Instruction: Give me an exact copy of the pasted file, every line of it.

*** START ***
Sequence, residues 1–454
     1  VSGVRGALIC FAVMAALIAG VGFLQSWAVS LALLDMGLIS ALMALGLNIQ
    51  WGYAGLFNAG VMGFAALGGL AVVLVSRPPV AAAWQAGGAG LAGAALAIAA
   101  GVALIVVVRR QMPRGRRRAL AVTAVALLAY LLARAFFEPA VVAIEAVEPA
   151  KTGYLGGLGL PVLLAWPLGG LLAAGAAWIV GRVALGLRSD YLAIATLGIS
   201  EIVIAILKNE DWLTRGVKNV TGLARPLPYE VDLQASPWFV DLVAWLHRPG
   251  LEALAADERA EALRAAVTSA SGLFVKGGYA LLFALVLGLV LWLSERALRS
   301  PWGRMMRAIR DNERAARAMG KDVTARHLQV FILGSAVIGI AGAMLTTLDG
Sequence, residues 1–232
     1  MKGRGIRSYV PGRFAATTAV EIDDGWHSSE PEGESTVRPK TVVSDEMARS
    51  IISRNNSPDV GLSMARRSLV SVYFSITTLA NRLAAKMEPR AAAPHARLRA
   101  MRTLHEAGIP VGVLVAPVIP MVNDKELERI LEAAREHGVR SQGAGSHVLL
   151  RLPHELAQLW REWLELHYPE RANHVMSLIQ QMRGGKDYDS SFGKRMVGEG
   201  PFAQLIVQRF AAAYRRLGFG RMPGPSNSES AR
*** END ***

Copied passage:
Sequence, residues 1–454
     1  VSGVRGALIC FAVMAALIAG VGFLQSWAVS LALLDMGLIS ALMALGLNIQ
    51  WGYAGLFNAG VMGFAALGGL AVVLVSRPPV AAAWQAGGAG LAGAALAIAA
   101  GVALIVVVRR QMPRGRRRAL AVTAVALLAY LLARAFFEPA VVAIEAVEPA
   151  KTGYLGGLGL PVLLAWPLGG LLAAGAAWIV GRVALGLRSD YLAIATLGIS
   201  EIVIAILKNE DWLTRGVKNV TGLARPLPYE VDLQASPWFV DLVAWLHRPG
   251  LEALAADERA EALRAAVTSA SGLFVKGGYA LLFALVLGLV LWLSERALRS
   301  PWGRMMRAIR DNERAARAMG KDVTARHLQV FILGSAVIGI AGAMLTTLDG
Sequence, residues 1–232
     1  MKGRGIRSYV PGRFAATTAV EIDDGWHSSE PEGESTVRPK TVVSDEMARS
    51  IISRNNSPDV GLSMARRSLV SVYFSITTLA NRLAAKMEPR AAAPHARLRA
   101  MRTLHEAGIP VGVLVAPVIP MVNDKELERI LEAAREHGVR SQGAGSHVLL
   151  RLPHELAQLW REWLELHYPE RANHVMSLIQ QMRGGKDYDS SFGKRMVGEG
   201  PFAQLIVQRF AAAYRRLGFG RMPGPSNSES AR